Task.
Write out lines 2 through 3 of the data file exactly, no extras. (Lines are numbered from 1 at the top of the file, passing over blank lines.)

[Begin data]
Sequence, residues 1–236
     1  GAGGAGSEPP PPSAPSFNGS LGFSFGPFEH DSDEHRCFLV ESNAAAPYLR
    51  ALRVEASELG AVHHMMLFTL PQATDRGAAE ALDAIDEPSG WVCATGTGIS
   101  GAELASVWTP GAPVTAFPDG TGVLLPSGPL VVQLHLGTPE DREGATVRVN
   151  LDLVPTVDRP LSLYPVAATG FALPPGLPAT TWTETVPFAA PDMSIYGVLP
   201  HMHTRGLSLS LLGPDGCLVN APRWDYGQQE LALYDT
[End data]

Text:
     1  GAGGAGSEPP PPSAPSFNGS LGFSFGPFEH DSDEHRCFLV ESNAAAPYLR
    51  ALRVEASELG AVHHMMLFTL PQATDRGAAE ALDAIDEPSG WVCATGTGIS